A restrictive covenant is an agreement between a property owner and another party, which limits the way land can be used and/or developed. There must be “burdened land” (the land that is restricted by the covenant) and “benefitting land” (the land that enjoys the benefit of the covenant and can enforce the covenant).
A restrictive covenant is usually imposed by a neighbouring or nearby property owner who wishes to preserve the value or enjoyment of its property. Some examples of common types of restrictive covenants are:
- Single dwelling covenants: only one house can be erected on the Property;
- Building envelope covenants: a building can only be erected in a certain position on the Property;
- Building materials covenants: a building on the Property can only be constructed with certain building materials; or
- Use covenant: a Property must not be used for specified purposes like a petrol station, supermarket, pub etc.
Restrictive covenants run with the land and bind successors in title. A title search will disclose if a Property is encumbered by a restrictive covenant.
Some restrictive covenants have a date when they end (lapse date). However, most don’t have a lapse date, which means that the restrictive covenant will remain in full force and effect until it is removed.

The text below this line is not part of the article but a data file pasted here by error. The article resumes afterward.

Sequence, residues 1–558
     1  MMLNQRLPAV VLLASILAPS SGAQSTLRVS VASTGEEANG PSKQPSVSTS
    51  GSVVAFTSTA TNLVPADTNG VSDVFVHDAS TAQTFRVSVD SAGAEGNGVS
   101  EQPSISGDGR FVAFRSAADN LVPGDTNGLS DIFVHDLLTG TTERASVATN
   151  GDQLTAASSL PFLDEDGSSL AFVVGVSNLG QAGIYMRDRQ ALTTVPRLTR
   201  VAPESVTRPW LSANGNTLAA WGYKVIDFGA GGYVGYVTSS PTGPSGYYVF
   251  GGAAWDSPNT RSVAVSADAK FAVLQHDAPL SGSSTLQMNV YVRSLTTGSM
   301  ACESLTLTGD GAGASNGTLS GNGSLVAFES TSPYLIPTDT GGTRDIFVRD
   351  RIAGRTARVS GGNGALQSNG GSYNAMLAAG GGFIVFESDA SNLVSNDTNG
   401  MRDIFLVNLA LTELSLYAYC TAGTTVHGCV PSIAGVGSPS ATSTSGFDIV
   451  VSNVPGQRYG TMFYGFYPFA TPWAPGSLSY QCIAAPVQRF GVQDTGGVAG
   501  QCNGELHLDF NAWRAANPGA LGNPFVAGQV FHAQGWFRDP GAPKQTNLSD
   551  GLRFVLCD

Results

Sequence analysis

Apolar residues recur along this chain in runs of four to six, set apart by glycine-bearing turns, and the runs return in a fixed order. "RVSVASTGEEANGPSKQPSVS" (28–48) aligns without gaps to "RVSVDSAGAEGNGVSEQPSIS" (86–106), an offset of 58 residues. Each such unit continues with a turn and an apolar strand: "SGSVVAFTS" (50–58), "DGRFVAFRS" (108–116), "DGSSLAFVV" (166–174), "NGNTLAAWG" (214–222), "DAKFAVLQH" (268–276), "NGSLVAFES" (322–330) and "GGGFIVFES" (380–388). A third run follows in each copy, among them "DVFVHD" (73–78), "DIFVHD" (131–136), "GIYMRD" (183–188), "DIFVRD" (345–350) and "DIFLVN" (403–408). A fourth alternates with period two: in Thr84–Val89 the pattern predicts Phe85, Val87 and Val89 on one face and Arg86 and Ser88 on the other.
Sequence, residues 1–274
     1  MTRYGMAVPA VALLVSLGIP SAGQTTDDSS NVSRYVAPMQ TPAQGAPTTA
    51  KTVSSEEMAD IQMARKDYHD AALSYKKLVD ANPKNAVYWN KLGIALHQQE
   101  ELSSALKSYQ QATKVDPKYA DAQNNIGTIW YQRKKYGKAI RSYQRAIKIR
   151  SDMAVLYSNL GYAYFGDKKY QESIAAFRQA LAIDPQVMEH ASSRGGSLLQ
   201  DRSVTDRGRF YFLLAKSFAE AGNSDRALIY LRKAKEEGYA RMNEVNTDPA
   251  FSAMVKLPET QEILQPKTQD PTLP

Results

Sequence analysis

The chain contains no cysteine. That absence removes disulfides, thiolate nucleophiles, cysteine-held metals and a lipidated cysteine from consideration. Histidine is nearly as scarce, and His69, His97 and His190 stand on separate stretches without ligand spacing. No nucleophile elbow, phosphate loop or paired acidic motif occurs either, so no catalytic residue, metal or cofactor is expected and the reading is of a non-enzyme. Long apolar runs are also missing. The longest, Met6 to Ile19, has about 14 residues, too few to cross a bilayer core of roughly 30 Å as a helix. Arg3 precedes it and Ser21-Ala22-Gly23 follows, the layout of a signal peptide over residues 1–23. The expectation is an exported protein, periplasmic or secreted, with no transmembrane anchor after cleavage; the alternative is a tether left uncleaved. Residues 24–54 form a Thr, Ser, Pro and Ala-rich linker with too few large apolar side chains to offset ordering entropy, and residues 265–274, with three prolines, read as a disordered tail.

Without express agreement between the owners of the benefitting land and the burdened land, a restrictive covenant is very difficult to remove or vary which can only be achieved by Court order, by obtaining a planning permit (however, this option would not be available if there are any objections) or by a planning scheme amendment.
As restrictive covenants run with land, it is important to carefully review the title to the Property (before signing a contract of sale) to check if there is a restrictive covenant which will limit the intended use or development of the Property.